LEMERY, NICOLAS (1645-1715), French chemist, was born at Rouen on the 17th of November 1645. After learning pharmacy in his native town he became a pupil of C. Glaser's in Paris, and then went to Montpellier, where he began to lecture on chemistry. He ne'xt established a pharmacy in Paris, still continuing his lectures, but in 1683, being a Calvinist, he was obliged to retire to England. In the following year he returned to France, and turning Catholic in 1686 was able to reopen his shop and resume his lectures. He died in Paris on the 19th of June 1715. Lemery did not concern himself much with theoretical speculations, but holding chemistry to be a demonstrative science, confined himself to the straightforward exposition of facts and experiments. In consequence, his lecture-room was thronged with people of all sorts, anxious to hear a man who shunned the barren obscurities of the alchemists, and did not regard the quest of the philosopher's stone and the elixir of life as the sole end of his science. Of his Cours de chymie (1675) he lived to see 13 editions, and for a century it maintained its reputation as a standard work. His other publications included Pharmacopee universelle (1697), Traits universel des drogues simples (1698), Traits de I'antimoine (1707), together with a number of papers contributed to the French Academy, one of which offered a chemical and physical explanation of underground fires, earthquakes, lightning and thunder. He discovered that heat is evolved when iron filings and sulphur are rubbed together to a paste with water, and the artificial volcan de Lemery was produced by burying underground a considerable quantity of this mixture, which he regarded as a potent agent in the causation of volcanic action.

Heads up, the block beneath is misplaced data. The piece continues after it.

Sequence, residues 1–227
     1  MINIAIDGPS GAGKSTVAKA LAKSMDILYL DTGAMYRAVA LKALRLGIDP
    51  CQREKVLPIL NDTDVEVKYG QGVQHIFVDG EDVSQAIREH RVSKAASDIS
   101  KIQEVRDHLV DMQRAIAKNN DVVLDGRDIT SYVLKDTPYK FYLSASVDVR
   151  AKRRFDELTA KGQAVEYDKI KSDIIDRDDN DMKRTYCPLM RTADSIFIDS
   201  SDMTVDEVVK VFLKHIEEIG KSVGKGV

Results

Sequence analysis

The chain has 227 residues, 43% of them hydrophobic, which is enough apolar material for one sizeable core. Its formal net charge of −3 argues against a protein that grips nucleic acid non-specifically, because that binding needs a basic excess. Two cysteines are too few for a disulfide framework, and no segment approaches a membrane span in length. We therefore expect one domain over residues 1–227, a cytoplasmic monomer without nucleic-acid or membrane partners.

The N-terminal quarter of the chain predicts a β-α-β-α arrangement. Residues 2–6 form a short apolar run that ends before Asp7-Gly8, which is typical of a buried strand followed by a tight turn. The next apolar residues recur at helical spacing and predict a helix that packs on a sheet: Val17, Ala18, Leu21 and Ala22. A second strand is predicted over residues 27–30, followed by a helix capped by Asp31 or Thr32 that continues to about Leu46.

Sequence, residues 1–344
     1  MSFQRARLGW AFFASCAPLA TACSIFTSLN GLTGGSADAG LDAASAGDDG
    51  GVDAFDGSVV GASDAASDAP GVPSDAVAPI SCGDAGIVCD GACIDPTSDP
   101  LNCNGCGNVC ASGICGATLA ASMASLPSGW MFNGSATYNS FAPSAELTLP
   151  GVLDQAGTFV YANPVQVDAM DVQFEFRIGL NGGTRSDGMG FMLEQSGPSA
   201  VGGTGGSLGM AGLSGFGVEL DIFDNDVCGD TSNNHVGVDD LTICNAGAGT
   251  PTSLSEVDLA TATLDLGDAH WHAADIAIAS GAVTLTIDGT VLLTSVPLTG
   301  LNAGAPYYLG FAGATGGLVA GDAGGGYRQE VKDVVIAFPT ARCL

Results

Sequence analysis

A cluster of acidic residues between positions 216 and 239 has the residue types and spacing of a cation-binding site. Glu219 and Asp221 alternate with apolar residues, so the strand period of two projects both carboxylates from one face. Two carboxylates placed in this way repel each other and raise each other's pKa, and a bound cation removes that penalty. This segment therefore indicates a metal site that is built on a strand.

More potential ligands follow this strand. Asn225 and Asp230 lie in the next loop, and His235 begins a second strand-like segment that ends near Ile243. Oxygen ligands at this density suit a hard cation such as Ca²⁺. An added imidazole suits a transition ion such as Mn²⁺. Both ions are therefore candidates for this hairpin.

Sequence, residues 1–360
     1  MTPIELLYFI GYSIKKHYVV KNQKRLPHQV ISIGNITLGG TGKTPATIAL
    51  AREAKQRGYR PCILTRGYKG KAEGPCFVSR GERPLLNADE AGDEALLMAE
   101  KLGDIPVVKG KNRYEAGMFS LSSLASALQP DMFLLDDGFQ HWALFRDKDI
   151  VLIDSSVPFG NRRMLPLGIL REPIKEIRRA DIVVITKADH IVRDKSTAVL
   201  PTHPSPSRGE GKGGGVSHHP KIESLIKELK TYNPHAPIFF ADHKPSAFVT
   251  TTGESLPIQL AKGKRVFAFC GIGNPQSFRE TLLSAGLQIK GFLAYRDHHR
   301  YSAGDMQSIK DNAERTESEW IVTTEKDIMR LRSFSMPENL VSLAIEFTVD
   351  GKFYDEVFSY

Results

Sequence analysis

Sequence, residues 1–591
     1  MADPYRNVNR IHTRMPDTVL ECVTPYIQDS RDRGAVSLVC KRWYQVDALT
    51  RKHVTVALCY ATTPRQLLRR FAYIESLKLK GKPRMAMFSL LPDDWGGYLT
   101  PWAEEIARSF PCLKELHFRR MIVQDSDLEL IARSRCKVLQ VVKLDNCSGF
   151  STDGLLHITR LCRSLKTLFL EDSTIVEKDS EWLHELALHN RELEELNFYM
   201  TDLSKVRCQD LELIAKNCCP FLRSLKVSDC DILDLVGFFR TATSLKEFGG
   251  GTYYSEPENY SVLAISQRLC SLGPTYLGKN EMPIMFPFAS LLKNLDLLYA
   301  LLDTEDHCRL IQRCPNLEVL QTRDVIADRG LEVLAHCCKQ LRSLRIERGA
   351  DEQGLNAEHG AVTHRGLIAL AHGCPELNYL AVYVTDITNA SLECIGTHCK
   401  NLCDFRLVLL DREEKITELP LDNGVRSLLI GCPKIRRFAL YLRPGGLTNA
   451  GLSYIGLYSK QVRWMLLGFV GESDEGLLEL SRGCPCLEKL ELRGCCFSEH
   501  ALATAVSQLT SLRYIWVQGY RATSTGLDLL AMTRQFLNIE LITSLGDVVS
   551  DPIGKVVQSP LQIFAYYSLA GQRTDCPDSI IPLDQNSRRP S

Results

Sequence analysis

His son Louis (1677-1743) was appointed physician at the H6tel Dieu in 1710, and became demonstrator of chemistry at the Jardin du Roi in 1731. He was the author of a Traite des aliments (1702), and of a Dissertation sur la nature des os (1704), as well as of a number of papers on chemical topics.
Note - this article incorporates content from Encyclopaedia Britannica, Eleventh Edition, (1910-1911)